The lab of Phil LoGrasso, Scripps Florida's senior director of discovery biology and a professor of molecular therapeutics, is one that stands out in the area of central nervous system disease.
LoGrasso and his team's work revolves around a family of enzymes called kinases. The researchers have identified and validated a series of compounds that inhibit an enzyme called c-Jun N-terminal kinase, or JNK (pronounced "junk"), that have shown neuroprotective effects in a variety of experimental models of human diseases, particularly Parkinson's disease.
In previous studies, Scripps researchers found that JNK plays a central role in neuronal survival. During oxidative stress, JNK migrates to the mitochondria. Coupled with JNK activation, that migration is associated with numerous serious health issues, such as neuronal cell death, stroke and heart attack. Oxidative stress is implicated in a number of diseases that range from cancer and heart failure to Alzheimer's disease, amyotrophic lateral sclerosis (ALS) and Parkinson's disease.
In March 2012, Scripps inked a development and commercialization deal with Miami-based Opko Health ($OPK) for its novel compound SR-3306, which blocks the destruction of brain cells in animal models of Parkinson's disease. The compound has shown greater than 90% protection against induced cell death of primary dopaminergic neurons, while in mouse models of induced neuron death, protective levels were 72%.
"This is one of the best opportunities we have for the development of an effective neuroprotective treatment for Parkinson's patients," LoGrasso said in a previous statement.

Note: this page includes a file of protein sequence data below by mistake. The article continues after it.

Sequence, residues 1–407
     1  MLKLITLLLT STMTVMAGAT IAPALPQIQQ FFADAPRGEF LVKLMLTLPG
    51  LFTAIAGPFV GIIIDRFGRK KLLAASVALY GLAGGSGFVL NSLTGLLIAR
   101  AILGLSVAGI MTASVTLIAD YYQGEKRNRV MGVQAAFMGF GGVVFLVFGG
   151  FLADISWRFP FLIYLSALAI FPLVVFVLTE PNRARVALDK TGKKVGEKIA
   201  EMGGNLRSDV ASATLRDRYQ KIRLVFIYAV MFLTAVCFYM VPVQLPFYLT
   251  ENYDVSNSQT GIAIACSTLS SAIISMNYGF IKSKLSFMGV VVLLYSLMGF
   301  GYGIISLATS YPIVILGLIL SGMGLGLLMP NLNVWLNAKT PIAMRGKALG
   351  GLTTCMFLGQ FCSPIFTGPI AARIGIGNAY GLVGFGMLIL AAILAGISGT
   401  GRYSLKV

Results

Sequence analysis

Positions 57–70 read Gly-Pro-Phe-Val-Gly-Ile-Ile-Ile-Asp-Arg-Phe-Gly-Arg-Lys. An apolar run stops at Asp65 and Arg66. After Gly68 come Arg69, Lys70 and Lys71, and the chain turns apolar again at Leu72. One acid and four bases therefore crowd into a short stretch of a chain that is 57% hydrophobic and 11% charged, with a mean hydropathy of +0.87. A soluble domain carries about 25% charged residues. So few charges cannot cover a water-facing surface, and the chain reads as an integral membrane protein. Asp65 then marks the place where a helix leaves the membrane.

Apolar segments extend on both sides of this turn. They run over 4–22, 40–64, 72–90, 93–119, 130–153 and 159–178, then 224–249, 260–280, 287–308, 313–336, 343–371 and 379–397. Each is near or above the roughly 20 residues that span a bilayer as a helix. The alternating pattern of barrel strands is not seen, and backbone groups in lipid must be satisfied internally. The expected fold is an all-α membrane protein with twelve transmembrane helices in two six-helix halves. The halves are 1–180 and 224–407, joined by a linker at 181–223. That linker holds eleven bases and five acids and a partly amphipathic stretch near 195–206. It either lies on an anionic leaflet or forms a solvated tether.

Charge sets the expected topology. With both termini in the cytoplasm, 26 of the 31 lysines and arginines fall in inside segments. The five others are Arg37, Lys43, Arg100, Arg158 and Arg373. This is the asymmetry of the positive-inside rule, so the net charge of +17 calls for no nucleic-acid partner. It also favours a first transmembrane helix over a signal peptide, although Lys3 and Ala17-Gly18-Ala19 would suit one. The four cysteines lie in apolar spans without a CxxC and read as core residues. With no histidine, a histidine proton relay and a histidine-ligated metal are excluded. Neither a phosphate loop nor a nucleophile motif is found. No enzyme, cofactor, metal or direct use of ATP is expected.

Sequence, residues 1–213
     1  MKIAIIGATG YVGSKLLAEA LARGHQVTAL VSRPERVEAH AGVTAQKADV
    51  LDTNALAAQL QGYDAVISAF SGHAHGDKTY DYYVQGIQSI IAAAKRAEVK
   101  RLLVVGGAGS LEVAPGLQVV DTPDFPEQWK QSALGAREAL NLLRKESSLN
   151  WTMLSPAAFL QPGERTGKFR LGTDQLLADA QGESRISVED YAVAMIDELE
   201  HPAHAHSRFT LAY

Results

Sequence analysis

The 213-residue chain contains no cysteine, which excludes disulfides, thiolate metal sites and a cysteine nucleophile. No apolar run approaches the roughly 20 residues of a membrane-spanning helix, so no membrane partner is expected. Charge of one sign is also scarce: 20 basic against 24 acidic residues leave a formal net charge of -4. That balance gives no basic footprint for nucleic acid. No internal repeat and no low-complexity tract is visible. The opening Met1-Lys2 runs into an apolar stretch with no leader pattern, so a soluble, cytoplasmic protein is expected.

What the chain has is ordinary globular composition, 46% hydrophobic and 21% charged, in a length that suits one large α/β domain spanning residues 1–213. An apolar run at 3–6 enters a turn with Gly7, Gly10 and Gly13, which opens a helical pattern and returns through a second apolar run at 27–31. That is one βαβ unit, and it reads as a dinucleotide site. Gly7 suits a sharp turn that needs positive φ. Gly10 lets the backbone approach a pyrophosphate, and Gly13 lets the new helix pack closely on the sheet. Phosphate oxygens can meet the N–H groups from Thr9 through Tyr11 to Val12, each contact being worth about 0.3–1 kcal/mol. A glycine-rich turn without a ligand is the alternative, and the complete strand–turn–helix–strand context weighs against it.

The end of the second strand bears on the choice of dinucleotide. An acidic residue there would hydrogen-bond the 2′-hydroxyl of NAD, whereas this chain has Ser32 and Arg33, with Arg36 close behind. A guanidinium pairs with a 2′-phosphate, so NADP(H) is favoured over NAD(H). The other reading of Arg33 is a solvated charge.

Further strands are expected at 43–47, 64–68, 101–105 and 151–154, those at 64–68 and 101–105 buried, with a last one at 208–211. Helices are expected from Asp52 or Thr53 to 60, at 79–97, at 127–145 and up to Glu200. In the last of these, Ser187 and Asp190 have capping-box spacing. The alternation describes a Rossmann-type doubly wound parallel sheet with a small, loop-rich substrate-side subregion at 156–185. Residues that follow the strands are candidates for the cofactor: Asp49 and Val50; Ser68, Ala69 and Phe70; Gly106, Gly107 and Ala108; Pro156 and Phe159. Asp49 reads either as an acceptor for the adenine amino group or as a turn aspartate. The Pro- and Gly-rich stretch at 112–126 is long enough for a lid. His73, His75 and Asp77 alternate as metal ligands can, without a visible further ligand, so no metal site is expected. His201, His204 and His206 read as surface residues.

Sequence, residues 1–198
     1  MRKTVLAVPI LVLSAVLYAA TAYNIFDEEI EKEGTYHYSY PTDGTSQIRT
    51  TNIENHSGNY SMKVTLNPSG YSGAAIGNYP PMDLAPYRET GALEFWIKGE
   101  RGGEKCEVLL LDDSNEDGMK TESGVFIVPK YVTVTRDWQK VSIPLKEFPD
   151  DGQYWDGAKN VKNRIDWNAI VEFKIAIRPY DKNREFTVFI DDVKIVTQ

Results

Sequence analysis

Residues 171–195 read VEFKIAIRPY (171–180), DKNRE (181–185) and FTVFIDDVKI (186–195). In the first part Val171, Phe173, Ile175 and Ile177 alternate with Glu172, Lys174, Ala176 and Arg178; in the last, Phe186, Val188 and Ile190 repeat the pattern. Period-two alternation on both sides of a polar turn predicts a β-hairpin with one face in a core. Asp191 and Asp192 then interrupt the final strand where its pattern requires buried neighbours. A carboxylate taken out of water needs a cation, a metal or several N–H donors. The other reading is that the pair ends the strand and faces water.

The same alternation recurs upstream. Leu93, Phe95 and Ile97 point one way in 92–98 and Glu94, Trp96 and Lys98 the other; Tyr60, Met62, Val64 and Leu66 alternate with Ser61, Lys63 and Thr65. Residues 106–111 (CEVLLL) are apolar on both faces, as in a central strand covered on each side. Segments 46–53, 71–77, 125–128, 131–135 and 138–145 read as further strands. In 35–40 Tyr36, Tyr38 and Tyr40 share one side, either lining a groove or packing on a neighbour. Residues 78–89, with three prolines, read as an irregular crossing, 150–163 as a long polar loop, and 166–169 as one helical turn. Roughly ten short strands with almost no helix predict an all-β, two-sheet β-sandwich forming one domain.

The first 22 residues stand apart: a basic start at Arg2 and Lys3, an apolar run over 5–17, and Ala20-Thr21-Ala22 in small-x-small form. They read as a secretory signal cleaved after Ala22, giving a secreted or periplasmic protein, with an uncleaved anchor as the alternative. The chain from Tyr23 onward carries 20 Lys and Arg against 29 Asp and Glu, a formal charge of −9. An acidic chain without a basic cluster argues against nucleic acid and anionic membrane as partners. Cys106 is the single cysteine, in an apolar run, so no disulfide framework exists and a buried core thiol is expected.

Parkinson's disease is of huge interest to drug developers, as the dopamine-destroying disease affects about 1 million Americans. Currently available drugs for Parkinson's disease--including levodopa and MAO-B inhibitors--can keep symptoms of the disease at bay but not stop its progression.
LoGrasso's lab is hopeful that SR-3306 could potentially treat other diseases, too. In October 2012, the LoGrasso team won a $2.1 million grant from the U.S. Department of Defense to study its JNK-inhibiting compounds for treatment of ALS (Lou Gehrig's disease), a motor neuron disease.
In February, LoGrasso and his colleagues published new data on SR-3306, showing that the compound also protects tissue in animals after major ischemic events, such as heart attack and stroke.
If scientists are successful, SR-3306 could be the first compound of its kind to protect the brain from the devastating consequences of Parkinson's disease.
Compound preserves heart cells, tissue after heart attack or stroke damage